What "law" means and requires publication


In one case, the issue presented to the Highest Court was the meaning of "laws" in Article 2 of the Civil Code which provides, "Laws shall take effect after fifteen days following the completion of their publication in the Official Gazette, unless it is otherwise provided. This Code shall take effect one year after such publication."

The term "laws" should refer to all laws and not only to those of general application, for strictly speaking all laws relate to the people in general albeit there are some that do not apply to them directly. An example is a law granting citizenship to a particular individual, like a relative of President Marcos who was decreed instant naturalization. It surely cannot be said that such a law does not affect the public although it unquestionably does not apply directly to all the people. The subject of such law is a matter of public interest which any member of the body politic may question in the political forums or, if he is a proper party, even in the courts of justice. In fact, a law without any bearing on the public would be invalid as an intrusion of privacy or as class legislation or as an ultra vires act of the legislature. To be valid, the law must invariably affect the public interest even if it might be directly applicable only to one individual, or some of the people only, and t to the public as a whole.

The Supreme Court held in Tañada v. Tuvera that all statutes, including those of local application and private laws, shall be published as a condition for their effectivity, which shall begin fifteen days after publication unless a different effectivity date is fixed by the legislature.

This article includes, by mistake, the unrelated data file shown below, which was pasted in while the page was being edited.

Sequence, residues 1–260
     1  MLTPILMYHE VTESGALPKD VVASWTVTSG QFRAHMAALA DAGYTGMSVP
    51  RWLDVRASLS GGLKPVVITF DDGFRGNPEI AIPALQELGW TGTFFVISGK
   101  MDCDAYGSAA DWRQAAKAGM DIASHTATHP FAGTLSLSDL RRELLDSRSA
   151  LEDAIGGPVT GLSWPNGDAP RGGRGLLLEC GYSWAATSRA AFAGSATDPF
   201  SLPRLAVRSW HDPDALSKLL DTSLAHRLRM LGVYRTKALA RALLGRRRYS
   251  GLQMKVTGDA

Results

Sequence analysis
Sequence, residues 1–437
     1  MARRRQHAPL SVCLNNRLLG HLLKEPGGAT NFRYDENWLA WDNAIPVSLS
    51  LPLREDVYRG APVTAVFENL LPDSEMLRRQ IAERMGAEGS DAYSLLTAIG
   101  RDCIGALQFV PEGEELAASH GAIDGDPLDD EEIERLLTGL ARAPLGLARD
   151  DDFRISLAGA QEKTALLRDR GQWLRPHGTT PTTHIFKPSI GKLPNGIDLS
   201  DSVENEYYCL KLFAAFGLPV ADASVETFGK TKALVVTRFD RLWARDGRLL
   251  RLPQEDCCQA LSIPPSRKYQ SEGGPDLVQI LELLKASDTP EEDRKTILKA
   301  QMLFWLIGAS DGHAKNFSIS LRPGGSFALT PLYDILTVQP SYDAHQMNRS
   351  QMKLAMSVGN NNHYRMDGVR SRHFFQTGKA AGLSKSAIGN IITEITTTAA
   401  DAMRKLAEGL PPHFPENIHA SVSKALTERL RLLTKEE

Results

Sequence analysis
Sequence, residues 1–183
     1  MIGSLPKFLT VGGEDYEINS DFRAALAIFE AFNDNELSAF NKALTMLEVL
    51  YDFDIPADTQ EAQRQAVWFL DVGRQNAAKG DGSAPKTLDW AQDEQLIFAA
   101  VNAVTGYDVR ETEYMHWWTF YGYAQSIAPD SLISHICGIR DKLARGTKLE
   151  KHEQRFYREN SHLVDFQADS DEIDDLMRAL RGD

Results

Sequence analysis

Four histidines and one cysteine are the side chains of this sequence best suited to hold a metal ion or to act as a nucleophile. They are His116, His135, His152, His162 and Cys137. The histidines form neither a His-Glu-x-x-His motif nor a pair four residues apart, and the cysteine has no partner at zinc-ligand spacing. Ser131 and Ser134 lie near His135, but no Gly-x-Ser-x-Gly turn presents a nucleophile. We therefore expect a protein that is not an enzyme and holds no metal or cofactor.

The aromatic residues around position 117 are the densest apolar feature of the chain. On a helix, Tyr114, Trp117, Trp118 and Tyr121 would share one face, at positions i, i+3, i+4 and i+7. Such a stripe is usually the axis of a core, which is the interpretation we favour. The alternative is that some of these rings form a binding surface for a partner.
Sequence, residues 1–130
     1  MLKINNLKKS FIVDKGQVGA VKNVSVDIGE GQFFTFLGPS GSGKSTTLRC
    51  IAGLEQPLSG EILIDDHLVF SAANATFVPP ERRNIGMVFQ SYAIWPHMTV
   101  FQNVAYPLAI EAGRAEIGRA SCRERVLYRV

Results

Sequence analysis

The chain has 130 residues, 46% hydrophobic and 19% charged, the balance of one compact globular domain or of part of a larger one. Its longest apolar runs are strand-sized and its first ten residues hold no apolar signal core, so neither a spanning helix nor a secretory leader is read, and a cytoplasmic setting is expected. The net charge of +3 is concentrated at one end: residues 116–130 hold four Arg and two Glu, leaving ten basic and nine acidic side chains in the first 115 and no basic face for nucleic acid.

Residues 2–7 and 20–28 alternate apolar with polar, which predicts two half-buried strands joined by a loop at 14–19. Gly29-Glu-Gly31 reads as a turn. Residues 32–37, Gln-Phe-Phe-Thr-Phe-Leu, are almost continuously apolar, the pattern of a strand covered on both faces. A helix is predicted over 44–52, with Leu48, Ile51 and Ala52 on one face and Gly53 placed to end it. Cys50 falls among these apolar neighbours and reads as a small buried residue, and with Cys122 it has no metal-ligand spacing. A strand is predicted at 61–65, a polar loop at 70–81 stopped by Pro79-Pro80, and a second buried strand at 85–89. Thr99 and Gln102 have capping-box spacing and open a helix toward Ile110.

Covered by this rule are presidential decrees and executive orders promulgated by the President in the exercise of legislative powers whenever the same are validly delegated by the legislature or, at present, directly conferred by the Constitution. administrative rules and regulations must a also be published if their purpose is to enforce or implement existing law pursuant also to a valid delegation.

Interpretative regulations and those merely internal in nature, that is, regulating only the personnel of the administrative agency and not the public, need not be published. Neither is publication required of the so-called letters of instructions issued by administrative superiors concerning the rules or guidelines to be followed by their subordinates in the performance of their duties.

Accordingly, even the charter of a city must be published notwithstanding that it applies to only a portion of the national territory and directly affects only the inhabitants of that place. All presidential decrees must be published, including even, say, those naming a public place after a favored individual or exempting him from certain prohibitions or requirements. The circulars issued by the Monetary Board must be published if they are meant not merely to interpret but to "fill in the details" of the Central Bank Act which that body is supposed to enforce.

However, no publication is required of the instructions issued by, say, the Minister of Social Welfare on the case studies to be made in petitions for adoption or the rules laid down by the head of a government agency on the assignments or workload of his personnel or the wearing of office uniforms. Parenthetically, municipal ordinances are not covered by this rule but by the Local Government Code.
The days of the secret laws and the unpublished decrees are over. This is once again an open society, with all the acts of the government subject to public scrutiny and available always to public cognizance. This has to be so if our country is to remain democratic, with sovereignty residing in the people and all government authority emanating from them.

Laws must come out in the open in the clear light of the sun instead of skulking in the shadows with their dark, deep secrets. Mysterious pronouncements and rumored rules cannot be recognized as binding unless their existence and contents are confirmed by a valid publication intended to make full disclosure and give proper notice to the people. The furtive law is like a scabbarded saber that cannot feint parry or cut unless the naked blade is drawn. (G.R. No. L-63915. December 29, 1986)

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